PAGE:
Our LORD Jesus Christ modeled humility perfectly. In every way, He demonstrated to us how we need to abandon our pride and focus completely on obedience to the Father’s will. Moreover, no one has preached how to be humble and obedient better than Jesus, who took every opportunity to command it from His disciples and His followers.
Despite His perfect example, the flesh nature of Jesus’ disciples raised its ugly head periodically. On one such occasion, the disciples had been engaging in an ugly contest as they walked through Capernaum. Out of earshot of Jesus (or so they thought), they were arguing (Mark 9:33). Later, when they were in the house, Jesus questioned them regarding their spat. The disciples were ashamed, but not humbled sufficiently to withhold their question: “Who is the greatest in the Kingdom of Heaven?” (Matthew 18:1). They had all argued why their own name should top the list.
Jesus was already aware of their sins of pride and covetousness, but now it had become an ugly contest for rank and status in the Father’s Kingdom. What made it particularly unseemly was their underlying intention. When the asked “who”, they did not mean “who” according to their character traits – the moral, the righteous, the blameless, and others. If this had been the intent, Jesus would have deemed the question tolerable and given Him the chance to help them understand the graces and duties in which they should excel for God. Instead, they were asking “who” by name – which one of them specifically would be the greatest. They had already presumed one of them would be chosen – chosen over Abraham, Isaac, Jacob, Moses, Noah, and myriad other great servants of God, including the prophets. To Jesus, this was an ugly contest.
At this point in their Christian education, the disciples had heard and preached much of the Kingdom of Heaven and the Messiah, but their question illuminated their separation distance from having a clear notion of it. Their question reeked of dreams of a temporal kingdom that offered external pomp and power. Not long before this incident, Christ had spoken of His coming sufferings and the glory to follow in the Kingdom. Apparently the disciples were jockeying for position and trying to determine their places in it.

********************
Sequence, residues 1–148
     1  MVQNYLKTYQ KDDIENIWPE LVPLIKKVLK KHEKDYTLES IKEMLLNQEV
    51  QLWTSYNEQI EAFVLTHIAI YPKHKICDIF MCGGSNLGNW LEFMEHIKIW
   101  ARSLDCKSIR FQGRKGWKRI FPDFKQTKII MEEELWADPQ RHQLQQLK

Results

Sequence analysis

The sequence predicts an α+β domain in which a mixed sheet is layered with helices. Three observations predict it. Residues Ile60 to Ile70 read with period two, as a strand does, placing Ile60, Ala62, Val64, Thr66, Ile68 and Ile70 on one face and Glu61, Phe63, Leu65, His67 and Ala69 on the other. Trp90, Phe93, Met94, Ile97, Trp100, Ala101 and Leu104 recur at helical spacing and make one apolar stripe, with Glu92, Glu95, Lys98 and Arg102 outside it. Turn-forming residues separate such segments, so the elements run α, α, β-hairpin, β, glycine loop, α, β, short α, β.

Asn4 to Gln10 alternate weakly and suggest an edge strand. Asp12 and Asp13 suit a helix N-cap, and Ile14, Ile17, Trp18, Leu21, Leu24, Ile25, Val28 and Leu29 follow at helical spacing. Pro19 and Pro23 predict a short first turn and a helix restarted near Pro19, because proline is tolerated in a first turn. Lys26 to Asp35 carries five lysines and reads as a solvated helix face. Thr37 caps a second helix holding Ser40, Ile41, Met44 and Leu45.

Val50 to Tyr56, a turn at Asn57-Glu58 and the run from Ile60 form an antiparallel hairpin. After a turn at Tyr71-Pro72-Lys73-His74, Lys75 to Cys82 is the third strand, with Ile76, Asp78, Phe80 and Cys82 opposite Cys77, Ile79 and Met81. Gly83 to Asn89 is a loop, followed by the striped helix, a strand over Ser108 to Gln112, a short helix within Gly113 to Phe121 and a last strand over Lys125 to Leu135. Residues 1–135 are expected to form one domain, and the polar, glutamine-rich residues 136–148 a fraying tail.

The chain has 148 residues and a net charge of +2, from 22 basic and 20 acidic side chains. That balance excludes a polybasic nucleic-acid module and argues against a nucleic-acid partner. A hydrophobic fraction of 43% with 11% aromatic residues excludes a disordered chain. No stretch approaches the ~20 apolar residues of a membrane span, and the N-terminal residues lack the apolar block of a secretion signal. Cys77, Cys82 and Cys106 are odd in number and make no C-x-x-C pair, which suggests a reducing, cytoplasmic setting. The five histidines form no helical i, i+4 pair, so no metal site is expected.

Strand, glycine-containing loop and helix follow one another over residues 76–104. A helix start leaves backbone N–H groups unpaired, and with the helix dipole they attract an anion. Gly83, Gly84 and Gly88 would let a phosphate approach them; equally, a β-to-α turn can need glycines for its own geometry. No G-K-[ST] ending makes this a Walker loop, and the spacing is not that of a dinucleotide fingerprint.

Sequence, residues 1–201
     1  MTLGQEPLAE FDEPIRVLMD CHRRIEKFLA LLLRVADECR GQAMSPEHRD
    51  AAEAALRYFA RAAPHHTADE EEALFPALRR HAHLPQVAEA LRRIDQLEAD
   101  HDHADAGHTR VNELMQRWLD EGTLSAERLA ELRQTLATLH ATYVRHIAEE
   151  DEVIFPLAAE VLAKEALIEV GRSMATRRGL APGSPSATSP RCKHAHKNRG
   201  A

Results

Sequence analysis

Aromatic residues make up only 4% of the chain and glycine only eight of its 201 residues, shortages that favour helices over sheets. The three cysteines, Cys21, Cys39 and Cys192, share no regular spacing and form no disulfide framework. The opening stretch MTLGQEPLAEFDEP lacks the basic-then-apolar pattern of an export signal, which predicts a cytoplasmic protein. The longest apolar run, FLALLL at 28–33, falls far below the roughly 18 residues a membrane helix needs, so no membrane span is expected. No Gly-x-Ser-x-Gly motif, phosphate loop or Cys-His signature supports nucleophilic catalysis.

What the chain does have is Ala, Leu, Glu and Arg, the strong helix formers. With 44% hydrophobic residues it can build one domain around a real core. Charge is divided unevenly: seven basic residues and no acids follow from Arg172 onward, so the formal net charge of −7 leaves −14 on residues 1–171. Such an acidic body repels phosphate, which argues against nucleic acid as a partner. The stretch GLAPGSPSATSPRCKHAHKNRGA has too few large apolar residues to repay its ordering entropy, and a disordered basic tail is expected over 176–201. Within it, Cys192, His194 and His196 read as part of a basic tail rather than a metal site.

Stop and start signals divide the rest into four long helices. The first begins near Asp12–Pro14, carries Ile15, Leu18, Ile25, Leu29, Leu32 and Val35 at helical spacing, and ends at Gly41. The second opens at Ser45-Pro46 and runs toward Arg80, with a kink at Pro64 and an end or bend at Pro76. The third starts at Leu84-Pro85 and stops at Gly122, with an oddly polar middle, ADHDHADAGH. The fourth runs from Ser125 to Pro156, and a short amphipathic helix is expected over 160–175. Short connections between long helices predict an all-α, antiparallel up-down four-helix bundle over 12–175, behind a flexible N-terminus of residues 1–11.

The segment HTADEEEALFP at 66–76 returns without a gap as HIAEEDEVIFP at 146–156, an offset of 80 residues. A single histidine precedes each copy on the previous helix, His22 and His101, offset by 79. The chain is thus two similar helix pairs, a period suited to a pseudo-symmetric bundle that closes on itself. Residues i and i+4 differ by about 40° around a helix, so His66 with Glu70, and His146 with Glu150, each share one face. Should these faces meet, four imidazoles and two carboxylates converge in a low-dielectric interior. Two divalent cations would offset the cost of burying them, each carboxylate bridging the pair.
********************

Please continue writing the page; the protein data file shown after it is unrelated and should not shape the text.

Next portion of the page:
Jesus had spoken often of His sufferings, but only once of His glory. Nevertheless, the disciples fastened quickly on the glory and overlooked the sufferings, a uniquely human trait. Most people love to hear and speak of privileges and glory, but are quick to pass by the thoughts of work, trouble, and suffering associated with it. The disciples focused so intently on the crown they forgot about the yoke and the Cross.
Having never visited Heaven, they also assumed all who have a place in the Kingdom are great. It is only a small leap of logic to conclude there must be different degrees of greatness. Whereas all saints are honorable, some of these “stars” outshine the others and receive greater glory. They reckoned further how they must be among some of the brightest stars, as they were chosen by Jesus Himself. After all, to whom should Jesus be more pleased to honor than those who had left everything on Earth and were now His companions in patience and tribulation?
Having deluded themselves into inappropriate conclusions, we can speculate on their arguments for being first. Each had his own case to plead. Peter was always the chief speaker and had already had the keys given to him (Matthew 16:19). He expected to be Jesus’ lord-chancellor. Judas had been given charge of the money bag and presumed he would become lord-treasurer, which he hoped would elevate him to be greatest by way of being in charge of the treasure. Simon and Jude were closely related to Jesus, and they must have hoped to take charge of the great offices of state, as princes of the Blood. John was the beloved disciple, the favorite of the Prince, and therefore, hoped to be the greatest. Andrew was called first; why should he not be preferred? The others no doubt had their own reasons.
It is not normal to glorify yourself. We humans are very apt to amuse and humor ourselves with foolish fantasies of things never to be. We are not Holy and we are not God. It is normal to glorify Him, the only One who deserves it. Our access to Heaven comes only by grace through faith in Christ, not by anything we have done here on Earth. None of us is the greatest nor will be the Greatest in Heaven. Only God is the Greatest. To Him be the glory!
“I’m Normal.” – I AM
It’s God talking to you.
A servant of Jesus Christ
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